In Northern Ireland, the wave of expectation repeatedly crashes on the rock of disappointment, but I do believe this IRA statement to be truly great news. It is largely the current global attitude towards terrorism that has forced the IRA to recognise that they cannot achieve their aims whilst continuing to indulge in the arena of terror.
Hugh Craigie Halkett, Edinburgh, Scotland
About time. This may be a small ray of sunshine but until all the arms have been put out of commission, we shouldn't count our chickens. There are still the splinter groups who couldn't care less about politics.
Tony, Oldbury, England
I think it's very positive. Who would have thought so 10 or 20 years ago? Let's hope all the others can follow on from this and we can move forward.
This is great news for the people of Britain and Ireland, let's hope the Unionists paramilitaries follow now as well. Good luck to the people of Ulster, let's hope this is a fresh start for everyone.
Positive news from the IRA. All depends on Paisley now. The ball is in his court.
Kamal, Manchester, UK
Congratulations Northern Ireland, let's hope for everlasting peace now! I hope we will get to this point in Spain soon as well.
Jose Fernandez, Bracelona
It is now the turn of the respective communities, in NI to lead the way. The elected politicians must take their cue from the will of the people, and the people must quickly embrace and respect the traditions and ideologies of their fellow countrymen. South Africa showed that the past can be put aside, and a new beginning made. A chapter in history. Turn the page and a new adventure begins.
Andy Dougan, Portsmouth, England
It will only make a difference if the Unionist parties can adopt the same courage that the Republican community has shown. I believe that the Unionist community wants to move forward but I am afraid they will be held back by their own political parties who still preach Ulster says NO politics.
For years the world has watched the people of Northern Ireland from afar and still make comment on life in the North. Let them now show their support for this news by coming to see for themselves the fantastic place that it really is. Regardless of backgrounds, one thing we all have here is pride in the place that we live in.
This is a major step forward and a recognition that more flows from politics than can ever be achieved through terror. Applause though needs to be measured against the deaths of the 3,000+ people needlessly killed by the IRA in recent decades.
David, Leicester, UK
I think it will help some, but the real peace progress depends on the people of Northern Ireland and whether the two groups, Catholics and Protestants, are willing to make and keep peace and to live peacefully side-by-side in cities like Belfast. This is an important step on the way to peace, but I don't think it is the only step. The people, not just the organisations, have to support it and live by it themselves too.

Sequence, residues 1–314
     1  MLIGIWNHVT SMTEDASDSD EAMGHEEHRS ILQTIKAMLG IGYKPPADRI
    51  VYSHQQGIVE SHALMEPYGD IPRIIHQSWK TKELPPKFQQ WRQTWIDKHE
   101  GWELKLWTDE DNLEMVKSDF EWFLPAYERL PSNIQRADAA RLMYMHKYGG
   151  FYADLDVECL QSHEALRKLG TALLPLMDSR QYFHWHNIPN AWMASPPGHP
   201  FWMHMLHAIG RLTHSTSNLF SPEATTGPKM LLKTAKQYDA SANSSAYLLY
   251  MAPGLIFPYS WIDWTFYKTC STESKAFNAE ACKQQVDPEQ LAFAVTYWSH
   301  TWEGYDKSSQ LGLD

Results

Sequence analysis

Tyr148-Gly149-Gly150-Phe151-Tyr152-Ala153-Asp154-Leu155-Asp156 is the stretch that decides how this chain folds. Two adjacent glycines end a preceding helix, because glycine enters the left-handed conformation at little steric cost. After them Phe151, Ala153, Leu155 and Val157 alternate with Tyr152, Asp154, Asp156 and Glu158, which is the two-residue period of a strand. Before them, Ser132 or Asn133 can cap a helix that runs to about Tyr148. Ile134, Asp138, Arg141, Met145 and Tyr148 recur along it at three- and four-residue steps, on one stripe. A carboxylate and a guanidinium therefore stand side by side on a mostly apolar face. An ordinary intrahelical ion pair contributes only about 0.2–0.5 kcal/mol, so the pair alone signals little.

Marianne Rasmussen, Rodovre, Denmark
I think the IRA should be applauded for this decision. The 6 counties communities will take time to get used to living within the rule of legitimate 'law'. I'm sure there will be testing times ahead, but no one at all would want to go back to the way it was. The challenge is there for the Northern Irish police to show they can serve and protect both communities.
Iain, Brighton, England
What about the Loyalists? Why isn't the British government putting pressure on them to disarm?
I never believed this day would come in my lifetime. While violence may still occur, this is a huge step forward in bringing peace and security to Northern Ireland.
Robin Barnett, Richmond, Virginia, USA
The statement is a signal that the world needs. When an organisation that has been defined as terroristic states they wish to refrain from violence in the future, we know that progress is possible. We know that violence can be replaced with peaceful democracy. It gives hope.
Assuming that the words are matched with actions this is a hugely significant step for the peace process. In theory the Unionists will have no reason not to sit in government with Sinn Fein. I wonder what the reality will be?
Phil, London (ex-Belfast)
Fantastic news if it is followed through, and I hope it is. The major possible downside i see is that disgruntled fractions that follow the IRA see it as the IRA selling their cause out, and then go on a campaign to "take over the torch" so to speak. However, this is a fantastic opportunity for more peaceful times.
I think it will be a good thing. I am joyous that the IRA are ready to disarm. I pray there will be no more innocent loss of life and ever lasting peace in Northern Island.